Thursday, March 8, 2018
EncyclopeDIA -- Gas phase fractionation + chromatogram libraries!
I have no intention of waking up enough to get this paper right. Primarily because I've got a huge and awesome day ahead in the lab....
My sleepy readthrough of this new study was something like this.
"Oh..maybe...come on, brain...maybe...?..."
"Nope. No idea what I just read. At all. Did they give a monkey ritalin and then let it dance on a keyboard? These aren't words! Why is everything capitalized wrong places.?!?...Is this the weird SpongeBob mocking meme..?...Where is my coffee?"
"Oh....got it...kinda...wow...okay...this is really smart...oh no...I should probably try this...cRAP...I should try this...oh no...that means I'd have to explain it to someone...but it's probably smart enough to be worth it...."
"I need more coffee or whatever they have for breakfast up there..."
What I've got (I'm gonna try. No promises):
Gas phase fractionation is one of those things that we've looked at for years -- it will obviously work -- but, in the end, it always comes off as kind of disappointing considering how much instrument time it takes so we never really do it. I fell for it for the 11th time less than a year ago!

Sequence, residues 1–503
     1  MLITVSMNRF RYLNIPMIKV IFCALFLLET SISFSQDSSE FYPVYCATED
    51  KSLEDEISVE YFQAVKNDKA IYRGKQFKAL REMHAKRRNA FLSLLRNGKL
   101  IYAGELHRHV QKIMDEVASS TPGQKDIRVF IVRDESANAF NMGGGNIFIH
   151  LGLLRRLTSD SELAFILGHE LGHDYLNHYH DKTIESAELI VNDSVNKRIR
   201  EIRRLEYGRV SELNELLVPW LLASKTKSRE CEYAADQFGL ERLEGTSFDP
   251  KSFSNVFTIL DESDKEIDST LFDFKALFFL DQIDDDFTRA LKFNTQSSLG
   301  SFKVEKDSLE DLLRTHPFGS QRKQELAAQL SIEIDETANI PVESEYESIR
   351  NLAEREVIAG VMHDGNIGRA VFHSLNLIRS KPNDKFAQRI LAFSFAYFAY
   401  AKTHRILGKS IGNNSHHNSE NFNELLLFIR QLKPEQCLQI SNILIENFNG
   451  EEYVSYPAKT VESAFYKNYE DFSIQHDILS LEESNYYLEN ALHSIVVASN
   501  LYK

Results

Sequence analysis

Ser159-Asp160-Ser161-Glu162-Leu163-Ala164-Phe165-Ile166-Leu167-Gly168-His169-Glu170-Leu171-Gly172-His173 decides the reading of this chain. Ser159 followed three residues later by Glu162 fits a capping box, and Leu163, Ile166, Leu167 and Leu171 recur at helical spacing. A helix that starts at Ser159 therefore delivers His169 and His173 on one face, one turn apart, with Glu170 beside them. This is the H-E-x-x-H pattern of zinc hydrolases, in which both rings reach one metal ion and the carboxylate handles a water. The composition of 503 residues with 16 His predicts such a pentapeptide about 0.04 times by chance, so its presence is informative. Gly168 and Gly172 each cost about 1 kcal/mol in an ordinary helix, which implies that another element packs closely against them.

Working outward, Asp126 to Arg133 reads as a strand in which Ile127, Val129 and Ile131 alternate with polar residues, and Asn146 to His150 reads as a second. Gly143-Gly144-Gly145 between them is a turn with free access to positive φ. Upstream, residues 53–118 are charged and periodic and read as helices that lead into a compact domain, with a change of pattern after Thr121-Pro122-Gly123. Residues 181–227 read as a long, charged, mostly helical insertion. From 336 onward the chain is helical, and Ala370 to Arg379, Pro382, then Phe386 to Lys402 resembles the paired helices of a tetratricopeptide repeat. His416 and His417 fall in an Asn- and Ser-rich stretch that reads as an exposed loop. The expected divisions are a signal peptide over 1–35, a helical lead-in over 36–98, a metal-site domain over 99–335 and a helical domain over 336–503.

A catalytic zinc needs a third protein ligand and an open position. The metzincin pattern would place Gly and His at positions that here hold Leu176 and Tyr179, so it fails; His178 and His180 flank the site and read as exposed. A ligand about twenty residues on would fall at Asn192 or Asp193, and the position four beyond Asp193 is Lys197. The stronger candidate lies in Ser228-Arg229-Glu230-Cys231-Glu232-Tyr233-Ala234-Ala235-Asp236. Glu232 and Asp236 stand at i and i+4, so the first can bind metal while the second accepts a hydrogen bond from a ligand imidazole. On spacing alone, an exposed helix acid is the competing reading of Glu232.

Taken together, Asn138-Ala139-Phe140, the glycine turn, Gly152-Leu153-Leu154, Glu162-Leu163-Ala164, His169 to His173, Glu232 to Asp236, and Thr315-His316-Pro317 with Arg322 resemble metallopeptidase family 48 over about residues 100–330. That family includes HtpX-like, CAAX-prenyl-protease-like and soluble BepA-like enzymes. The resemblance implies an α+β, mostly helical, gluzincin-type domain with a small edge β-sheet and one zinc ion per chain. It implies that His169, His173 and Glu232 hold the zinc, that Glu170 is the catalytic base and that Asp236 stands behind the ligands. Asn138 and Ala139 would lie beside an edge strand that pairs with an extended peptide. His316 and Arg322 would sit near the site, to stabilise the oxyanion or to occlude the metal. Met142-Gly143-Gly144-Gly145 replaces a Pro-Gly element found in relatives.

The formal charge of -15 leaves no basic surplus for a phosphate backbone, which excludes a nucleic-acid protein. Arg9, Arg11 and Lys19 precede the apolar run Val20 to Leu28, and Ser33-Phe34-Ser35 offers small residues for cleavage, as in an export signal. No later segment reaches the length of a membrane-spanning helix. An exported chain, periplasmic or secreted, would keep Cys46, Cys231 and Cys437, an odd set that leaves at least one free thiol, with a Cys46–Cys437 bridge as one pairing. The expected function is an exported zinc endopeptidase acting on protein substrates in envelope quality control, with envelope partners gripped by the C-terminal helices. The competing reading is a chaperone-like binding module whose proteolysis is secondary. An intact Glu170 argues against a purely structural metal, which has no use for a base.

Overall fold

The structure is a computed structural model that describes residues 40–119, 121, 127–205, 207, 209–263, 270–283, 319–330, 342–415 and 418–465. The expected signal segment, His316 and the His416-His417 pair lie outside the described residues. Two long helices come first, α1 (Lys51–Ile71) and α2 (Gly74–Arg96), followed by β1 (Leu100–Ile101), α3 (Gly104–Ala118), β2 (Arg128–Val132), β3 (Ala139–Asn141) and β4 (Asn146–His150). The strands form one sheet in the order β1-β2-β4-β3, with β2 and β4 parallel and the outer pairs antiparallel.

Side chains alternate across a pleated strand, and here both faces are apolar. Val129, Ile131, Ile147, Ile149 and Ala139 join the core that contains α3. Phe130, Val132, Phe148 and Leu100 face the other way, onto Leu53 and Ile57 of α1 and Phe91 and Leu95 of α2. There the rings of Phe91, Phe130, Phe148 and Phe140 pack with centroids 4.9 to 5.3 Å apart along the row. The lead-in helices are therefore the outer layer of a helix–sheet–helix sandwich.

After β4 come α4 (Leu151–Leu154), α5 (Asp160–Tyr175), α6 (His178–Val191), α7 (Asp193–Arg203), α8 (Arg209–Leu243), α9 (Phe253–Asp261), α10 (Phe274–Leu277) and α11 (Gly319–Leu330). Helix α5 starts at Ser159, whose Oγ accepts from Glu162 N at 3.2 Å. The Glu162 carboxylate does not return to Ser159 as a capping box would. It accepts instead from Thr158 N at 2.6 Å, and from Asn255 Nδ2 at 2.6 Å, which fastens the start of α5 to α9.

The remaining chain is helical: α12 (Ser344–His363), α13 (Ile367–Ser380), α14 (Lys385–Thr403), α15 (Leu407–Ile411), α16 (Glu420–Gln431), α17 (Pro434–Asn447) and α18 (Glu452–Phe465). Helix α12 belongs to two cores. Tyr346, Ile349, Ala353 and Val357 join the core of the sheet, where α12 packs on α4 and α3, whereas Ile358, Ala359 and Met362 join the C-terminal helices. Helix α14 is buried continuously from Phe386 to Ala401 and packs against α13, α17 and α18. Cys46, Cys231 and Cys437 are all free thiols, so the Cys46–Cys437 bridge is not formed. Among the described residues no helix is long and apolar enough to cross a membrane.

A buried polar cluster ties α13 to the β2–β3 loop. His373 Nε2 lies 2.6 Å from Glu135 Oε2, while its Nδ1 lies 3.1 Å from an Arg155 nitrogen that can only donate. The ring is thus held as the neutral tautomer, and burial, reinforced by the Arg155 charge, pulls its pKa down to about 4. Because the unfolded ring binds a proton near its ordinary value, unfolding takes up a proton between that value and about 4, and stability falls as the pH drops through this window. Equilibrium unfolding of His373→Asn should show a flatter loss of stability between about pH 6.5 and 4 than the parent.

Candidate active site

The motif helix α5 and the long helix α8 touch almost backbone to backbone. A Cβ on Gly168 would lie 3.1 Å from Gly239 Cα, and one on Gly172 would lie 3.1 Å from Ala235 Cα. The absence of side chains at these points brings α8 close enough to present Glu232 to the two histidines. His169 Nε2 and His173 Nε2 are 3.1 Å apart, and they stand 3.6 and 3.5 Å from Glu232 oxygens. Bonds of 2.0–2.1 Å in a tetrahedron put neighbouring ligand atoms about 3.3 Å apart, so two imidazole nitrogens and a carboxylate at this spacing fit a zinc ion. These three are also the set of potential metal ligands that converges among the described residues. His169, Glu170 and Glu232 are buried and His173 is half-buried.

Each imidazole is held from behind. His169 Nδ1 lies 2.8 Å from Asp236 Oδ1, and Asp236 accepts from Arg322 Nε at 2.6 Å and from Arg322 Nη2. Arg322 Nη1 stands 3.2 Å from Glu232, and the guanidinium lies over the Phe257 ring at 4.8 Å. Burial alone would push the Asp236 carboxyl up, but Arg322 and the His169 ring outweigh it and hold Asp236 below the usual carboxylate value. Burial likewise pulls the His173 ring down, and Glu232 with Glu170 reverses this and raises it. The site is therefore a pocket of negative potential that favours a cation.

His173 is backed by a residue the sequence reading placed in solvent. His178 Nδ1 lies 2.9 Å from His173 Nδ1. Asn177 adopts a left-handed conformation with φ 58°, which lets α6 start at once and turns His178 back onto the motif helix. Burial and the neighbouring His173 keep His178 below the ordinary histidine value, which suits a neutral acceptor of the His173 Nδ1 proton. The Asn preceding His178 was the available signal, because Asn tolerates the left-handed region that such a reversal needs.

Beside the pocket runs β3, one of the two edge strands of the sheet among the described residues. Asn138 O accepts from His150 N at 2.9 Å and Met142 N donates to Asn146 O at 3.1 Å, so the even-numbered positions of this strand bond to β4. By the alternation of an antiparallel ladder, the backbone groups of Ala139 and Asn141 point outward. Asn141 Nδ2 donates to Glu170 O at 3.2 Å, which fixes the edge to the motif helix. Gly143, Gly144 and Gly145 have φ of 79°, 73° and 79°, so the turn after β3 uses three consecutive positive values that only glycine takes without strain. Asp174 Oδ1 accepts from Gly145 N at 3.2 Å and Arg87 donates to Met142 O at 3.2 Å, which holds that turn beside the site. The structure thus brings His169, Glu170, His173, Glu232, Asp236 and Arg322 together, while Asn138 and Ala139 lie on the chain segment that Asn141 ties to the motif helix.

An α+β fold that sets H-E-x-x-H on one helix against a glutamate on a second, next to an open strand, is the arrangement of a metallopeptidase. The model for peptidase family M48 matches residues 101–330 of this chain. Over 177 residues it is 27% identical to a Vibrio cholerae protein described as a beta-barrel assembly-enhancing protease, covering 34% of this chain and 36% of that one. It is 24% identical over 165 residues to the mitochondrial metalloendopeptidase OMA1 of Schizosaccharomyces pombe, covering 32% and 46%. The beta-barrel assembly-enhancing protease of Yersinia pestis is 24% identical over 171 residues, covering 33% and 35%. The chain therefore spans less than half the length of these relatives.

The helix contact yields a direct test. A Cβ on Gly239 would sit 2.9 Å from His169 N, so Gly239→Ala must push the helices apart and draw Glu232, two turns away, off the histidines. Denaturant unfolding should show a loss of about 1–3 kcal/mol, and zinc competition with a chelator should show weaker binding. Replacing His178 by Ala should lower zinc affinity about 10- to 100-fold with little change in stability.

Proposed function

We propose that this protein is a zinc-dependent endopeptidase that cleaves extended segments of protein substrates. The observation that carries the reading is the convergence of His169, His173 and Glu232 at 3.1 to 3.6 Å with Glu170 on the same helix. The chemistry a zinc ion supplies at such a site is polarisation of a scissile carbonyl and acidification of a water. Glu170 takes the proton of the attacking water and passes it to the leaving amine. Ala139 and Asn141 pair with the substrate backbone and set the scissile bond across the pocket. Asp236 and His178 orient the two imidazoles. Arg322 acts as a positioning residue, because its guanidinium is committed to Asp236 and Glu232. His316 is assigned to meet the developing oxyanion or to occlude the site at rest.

DIA is really powerful but the sensitivity sucks and background noise makes it one of those things that you hate to show your collaborators. "Yes, your peptide is these 5 fragments. No, ignore the other 175 fragments. They're supposed to be there. QUIT LOOKING AT THEM! (Why did I show you this...)"
And lots of chromatographic centric people -- PNNL comes to mind for some reason -- have been telling us for years that we need to work on the chromatography and it needs to be an important factor in our peptide ID and quan.
What if the gas phase fractionation DIA was used in conjunction with fantastic retention times to build the libraries for your DIA analysis? Would it then justify the time? Is this the chromatographic library? This is where I'm unclear....)
What I do get is the gas phase fractionation reruns in 100 Da windows with narrow isolation DIA (4 Da?) with the speed of the Q Exactive HF allows the authors to get really deep identification and they assign the identification with some fancy math things to a specific retention time (and I think this is the chromatographic library?) and then they can go back and match their "normal" DIA experiments.
Critical point here -- it relies so much on retention times that the authors are clear to point out if they use a home packed column this probably won't work.
What do you get out of all of this? What about DIA that is actually more sensitive than DDA? What about more IDs? Like 50% more IDs than equivalent DDA experiment!!
Major bonus? You can show your collaborators a chromatographic peak from run to run and not a DIA fragmentation window (don't ever show anybody else a DIA fragmentation window!)